2. Detach yourself from the problem. The way we look at a problem is limited by the way we frame it, which in turn is influenced by our past experience, our knowledge, our beliefs and our mental processes. Framing matters, so it is not a surprise to us that ten out of the twenty-six Positioning-Roulette approaches to brand positioning and storytelling focus on the frame of reference. Re-framing the problem or looking for solutions from various perspective (or adjacent fields) is a great way to overcome some of the mental biases that plague us. Or as Einstein said "The formulation of the problem is often more essential than its solution". In our experience the most effective "creativity techniques" use a two-step approach. The first step usually consists in moving away from the problem to facilitate the generation of new ideas, the second step then consists in translating those ideas back into tangible solutions that could solve the original problem.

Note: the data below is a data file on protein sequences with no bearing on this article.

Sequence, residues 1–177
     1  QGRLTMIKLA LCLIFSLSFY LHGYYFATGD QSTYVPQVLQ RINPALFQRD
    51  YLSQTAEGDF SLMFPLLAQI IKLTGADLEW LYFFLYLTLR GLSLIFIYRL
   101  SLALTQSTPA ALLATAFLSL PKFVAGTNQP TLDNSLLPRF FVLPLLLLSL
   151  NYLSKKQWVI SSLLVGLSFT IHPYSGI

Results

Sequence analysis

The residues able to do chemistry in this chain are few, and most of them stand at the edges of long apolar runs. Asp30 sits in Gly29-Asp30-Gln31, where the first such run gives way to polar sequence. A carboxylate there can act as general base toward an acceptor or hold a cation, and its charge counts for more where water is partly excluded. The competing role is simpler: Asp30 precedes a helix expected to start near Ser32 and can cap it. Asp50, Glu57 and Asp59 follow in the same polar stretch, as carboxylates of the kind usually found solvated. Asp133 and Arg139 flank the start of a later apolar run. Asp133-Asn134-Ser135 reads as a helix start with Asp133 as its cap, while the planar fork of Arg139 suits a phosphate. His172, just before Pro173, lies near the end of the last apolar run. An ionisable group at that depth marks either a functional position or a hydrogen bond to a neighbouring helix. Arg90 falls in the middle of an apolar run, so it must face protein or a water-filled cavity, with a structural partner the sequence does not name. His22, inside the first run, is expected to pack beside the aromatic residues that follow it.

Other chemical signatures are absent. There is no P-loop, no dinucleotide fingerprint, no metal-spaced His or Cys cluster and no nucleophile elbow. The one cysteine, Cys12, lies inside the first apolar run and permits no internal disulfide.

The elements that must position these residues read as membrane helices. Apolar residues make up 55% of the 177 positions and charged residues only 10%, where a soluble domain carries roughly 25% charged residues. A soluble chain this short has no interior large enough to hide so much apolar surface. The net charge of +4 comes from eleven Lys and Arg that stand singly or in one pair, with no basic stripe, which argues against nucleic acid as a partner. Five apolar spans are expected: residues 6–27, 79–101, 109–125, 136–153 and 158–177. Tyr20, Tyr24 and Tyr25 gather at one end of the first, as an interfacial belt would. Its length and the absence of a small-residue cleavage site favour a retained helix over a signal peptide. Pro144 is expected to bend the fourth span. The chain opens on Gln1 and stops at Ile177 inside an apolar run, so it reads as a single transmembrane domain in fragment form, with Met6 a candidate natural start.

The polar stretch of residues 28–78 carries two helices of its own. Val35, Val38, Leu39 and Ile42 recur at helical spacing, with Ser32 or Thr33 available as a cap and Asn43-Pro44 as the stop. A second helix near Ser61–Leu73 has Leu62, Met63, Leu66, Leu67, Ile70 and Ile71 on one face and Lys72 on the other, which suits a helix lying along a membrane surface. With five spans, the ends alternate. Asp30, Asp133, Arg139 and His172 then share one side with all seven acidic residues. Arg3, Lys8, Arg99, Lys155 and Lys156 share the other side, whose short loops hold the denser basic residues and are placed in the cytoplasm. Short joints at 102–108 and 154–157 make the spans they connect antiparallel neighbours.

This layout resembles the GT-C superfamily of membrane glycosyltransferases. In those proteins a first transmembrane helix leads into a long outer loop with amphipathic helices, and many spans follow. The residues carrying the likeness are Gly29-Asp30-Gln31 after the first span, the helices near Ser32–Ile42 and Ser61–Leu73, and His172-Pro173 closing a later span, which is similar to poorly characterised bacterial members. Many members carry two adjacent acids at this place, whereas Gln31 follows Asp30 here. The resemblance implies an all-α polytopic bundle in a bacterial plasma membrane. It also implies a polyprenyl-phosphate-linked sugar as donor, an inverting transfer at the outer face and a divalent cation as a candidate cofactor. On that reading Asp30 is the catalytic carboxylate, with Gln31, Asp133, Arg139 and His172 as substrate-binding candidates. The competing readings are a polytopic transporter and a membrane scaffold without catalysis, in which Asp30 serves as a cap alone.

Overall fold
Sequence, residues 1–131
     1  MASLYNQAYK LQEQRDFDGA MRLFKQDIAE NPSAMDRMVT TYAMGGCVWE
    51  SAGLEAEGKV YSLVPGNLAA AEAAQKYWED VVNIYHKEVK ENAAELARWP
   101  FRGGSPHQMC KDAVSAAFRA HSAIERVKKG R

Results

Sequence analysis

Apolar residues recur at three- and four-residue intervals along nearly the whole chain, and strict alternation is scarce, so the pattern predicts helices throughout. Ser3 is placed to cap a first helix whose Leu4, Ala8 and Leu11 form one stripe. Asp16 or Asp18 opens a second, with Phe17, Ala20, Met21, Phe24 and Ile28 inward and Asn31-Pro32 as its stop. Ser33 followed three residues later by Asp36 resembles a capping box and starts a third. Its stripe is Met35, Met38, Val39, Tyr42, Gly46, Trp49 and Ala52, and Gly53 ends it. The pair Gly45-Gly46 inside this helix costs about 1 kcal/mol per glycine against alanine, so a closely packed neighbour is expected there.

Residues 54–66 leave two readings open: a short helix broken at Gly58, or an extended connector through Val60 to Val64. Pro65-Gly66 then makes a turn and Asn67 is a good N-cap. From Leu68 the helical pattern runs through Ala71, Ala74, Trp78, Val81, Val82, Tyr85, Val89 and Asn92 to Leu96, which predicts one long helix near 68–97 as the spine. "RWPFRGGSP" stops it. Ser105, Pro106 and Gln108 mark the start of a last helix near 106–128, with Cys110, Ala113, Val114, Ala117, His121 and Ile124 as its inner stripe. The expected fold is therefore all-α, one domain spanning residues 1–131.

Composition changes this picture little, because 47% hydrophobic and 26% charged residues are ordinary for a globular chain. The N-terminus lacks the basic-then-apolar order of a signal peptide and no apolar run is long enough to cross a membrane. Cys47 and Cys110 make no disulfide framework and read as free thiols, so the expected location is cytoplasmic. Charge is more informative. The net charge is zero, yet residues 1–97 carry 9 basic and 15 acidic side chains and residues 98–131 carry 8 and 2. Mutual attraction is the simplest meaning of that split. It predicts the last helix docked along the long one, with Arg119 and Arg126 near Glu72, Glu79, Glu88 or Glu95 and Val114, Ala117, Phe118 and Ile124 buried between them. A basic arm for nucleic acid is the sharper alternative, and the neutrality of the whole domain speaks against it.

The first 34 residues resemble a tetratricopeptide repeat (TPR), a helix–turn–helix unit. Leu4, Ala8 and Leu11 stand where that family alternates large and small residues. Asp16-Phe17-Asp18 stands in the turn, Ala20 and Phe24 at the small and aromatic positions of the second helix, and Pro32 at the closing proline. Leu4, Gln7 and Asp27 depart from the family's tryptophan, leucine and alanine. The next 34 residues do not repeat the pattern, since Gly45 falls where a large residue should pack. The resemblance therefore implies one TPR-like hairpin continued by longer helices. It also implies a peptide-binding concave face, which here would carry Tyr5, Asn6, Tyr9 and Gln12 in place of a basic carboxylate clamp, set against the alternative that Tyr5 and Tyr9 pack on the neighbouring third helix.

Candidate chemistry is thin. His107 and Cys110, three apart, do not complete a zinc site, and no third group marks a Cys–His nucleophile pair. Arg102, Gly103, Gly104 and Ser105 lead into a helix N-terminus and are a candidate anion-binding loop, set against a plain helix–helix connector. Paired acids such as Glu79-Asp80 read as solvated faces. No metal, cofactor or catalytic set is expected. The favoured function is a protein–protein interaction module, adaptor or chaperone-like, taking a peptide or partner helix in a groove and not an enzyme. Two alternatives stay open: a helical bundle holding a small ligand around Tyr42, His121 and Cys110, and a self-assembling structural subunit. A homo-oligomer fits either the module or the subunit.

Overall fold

3. Use a framework or a method to guide your thinking. Most people still don't seem to realize that there is a method to creativity. Creativity doesn't just happen. One significant benefit of a more methodical approach is that it helps drive and guide the idea finding process and thus helps overcome the biases and limitations mentioned above. This is where tools like Positioning-Roulette, a free web based idea generation app, come into play. They help guide your thinking and by doing so act as a distraction from many of your limiting mental biases. And while for obvious reasons we prefer our own Positioning-Roulette framework, the truth is that any framework (for example, the Maslow hierarchy of needs is another effective framework) will lead to better results than not using any.

4. Show empathy. Empathy is the ability to put yourself in someone else's shoes without judging. This "someone else" can be a consumer you are trying to convert or another team member during an ideation session. This is a very difficult thing to do but is also a very powerful way to unleash new solutions to a problem. Empathy doesn't mean that you necessarily agree with the other person's point of view, it just means that you can see things from their point of view for long enough to consider new solutions that may emerge from this perspective. A simple way to start is to practice empathy with your significant other. You'll find this improves not only your ability to be creative but also your relationship!